Traders, consumers lament food inflation
By Guardian Exclusive
11 June 2022 | 5:40 am
Traders across various markets in Nigeria have lamented the fast-growing inflation as food prices have continued to record an exponential growth in price. GuardianTV went to the market to speak with both sellers and buys about how expensive things have become.
At the beginning of December, Brazil's president, Jair Bolsonaro, said he would make sure that fuel prices go down. Just the opposite has happened, and now unrest in the South American country is growing.
United Nations agencies are warning that price hikes sparked by Russia's invasion of Ukraine will worsen a food crisis in Africa, where tens of millions of people have already been plunged into extreme poverty by the COVID-19 pandemic, armed conflicts, climate shocks and economic turmoil.
Sri Lankans told DW how they're struggling with shortages of food, fuel and medicine as the nation faces one of its worst economic crises in decades.
Inflation is at its highest level in decades in many parts of the world. In the US, consumer prices were 8.3 percent higher in April than a year earlier. In the eurozone, they rose by around 7.5 percent. Energy prices have been driving the surge, with Russia's war in Ukraine further fuelling the trend. But higher inflation tends to have a bigger impact on low-income households. Xavier Jaravel from the London School of Economics discusses this and more with FRANCE 24's Kate Moody.
Argentina is struggling to deal with spiraling food inflation, driven by soaring commodity prices worldwide, the war in Ukraine and the lingering effects of the pandemic. Millions in Argentina are relying on food aid.
Top G7 diplomats meeting in Germany have warned the war in Ukraine is stoking a crisis that threatens the world's poorest. They also pledged to continue their military assistance to Ukraine for "as long as necessary."
The war in Ukraine is having a drastic impact on Africa. Prices for wheat, gas and gasoline are at record highs. Crisis regions could see things get worse than they already are.
British inflation surged last month to its highest annual rate since 1982, piling pressure on finance minister Rishi Sunak to step up his help for households facing a worsening cost-of-living crisis.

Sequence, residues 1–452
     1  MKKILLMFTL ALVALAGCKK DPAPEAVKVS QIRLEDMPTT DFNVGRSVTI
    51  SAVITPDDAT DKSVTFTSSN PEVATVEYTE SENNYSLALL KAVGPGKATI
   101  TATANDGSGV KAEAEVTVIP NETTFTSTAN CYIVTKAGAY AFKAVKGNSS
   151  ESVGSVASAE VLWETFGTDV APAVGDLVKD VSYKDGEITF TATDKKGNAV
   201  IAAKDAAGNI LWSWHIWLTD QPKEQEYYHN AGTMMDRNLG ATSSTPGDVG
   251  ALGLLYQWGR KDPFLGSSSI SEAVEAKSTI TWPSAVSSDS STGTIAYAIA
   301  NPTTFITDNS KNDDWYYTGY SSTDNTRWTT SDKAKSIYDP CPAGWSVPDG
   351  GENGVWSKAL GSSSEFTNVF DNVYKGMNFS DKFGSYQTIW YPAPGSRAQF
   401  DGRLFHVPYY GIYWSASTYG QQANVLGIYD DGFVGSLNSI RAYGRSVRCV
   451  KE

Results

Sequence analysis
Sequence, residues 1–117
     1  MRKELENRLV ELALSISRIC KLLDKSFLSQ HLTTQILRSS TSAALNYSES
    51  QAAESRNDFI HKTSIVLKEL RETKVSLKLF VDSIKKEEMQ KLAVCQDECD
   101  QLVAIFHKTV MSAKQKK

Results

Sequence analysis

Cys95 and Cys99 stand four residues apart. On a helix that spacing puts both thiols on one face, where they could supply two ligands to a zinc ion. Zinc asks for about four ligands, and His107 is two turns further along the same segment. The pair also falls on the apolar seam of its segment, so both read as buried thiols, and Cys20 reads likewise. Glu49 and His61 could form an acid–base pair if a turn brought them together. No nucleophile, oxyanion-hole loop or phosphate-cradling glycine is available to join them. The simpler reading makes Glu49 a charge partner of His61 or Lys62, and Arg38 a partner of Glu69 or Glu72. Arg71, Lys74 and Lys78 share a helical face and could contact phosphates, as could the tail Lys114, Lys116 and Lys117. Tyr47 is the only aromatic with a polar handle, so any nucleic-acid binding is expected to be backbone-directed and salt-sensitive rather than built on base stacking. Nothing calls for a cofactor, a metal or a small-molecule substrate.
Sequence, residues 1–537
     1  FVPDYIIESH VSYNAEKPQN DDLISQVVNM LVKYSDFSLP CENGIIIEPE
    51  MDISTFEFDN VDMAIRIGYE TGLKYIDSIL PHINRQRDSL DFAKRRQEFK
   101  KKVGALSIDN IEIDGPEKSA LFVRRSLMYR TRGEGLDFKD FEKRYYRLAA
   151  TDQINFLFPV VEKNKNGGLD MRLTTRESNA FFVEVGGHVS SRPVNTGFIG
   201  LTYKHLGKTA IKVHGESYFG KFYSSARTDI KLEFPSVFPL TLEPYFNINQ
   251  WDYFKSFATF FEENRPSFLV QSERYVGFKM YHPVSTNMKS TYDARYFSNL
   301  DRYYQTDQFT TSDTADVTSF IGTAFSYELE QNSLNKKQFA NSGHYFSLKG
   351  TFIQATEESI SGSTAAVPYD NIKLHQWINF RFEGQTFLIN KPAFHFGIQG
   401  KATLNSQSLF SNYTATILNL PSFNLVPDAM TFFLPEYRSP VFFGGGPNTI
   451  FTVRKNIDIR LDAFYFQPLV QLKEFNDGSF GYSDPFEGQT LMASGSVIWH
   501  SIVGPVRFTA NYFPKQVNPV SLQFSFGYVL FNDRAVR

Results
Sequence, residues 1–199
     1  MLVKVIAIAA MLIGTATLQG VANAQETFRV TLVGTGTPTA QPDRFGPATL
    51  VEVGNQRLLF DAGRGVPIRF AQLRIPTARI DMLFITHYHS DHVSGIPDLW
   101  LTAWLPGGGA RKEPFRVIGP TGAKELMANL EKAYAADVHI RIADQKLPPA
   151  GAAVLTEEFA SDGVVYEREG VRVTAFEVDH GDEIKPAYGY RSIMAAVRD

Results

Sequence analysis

Japan's GDP fell at an annualised rate of 1 percent in the first three months of this year as the Omicron variant of the coronavirus hampered consumer spending. Rising commodity prices also weighed on businesses in the world's third-largest economy. Plus, as unemployment remains stable in France at 7.3 percent, a steelworks factory in the northern city of Dunkirk is offering a cash bonus to employees to encourage them to recruit family members.
The world is facing its worst food crisis in history. Millions of tonnes of wheat are stuck in Ukraine, worsening an already precarious situation for many countries that depend on exports from the region. IMF Managing Director Kristalina Georgieva tells FRANCE 24 Business Editor Kate Moody that only "very strong international mobilisation" will save the lives of millions of people. Also in our update from Davos: EU member states move towards an embargo on Russian oil, but with no consensus on the timeline.
Rising food and energy prices, shortages and uncertainty. Russia's war in Ukraine and its naval blockade of Ukrainian grain exports is creating a severe international crisis. DW's Thomas Sparrow explains what the West is doing to stop it.
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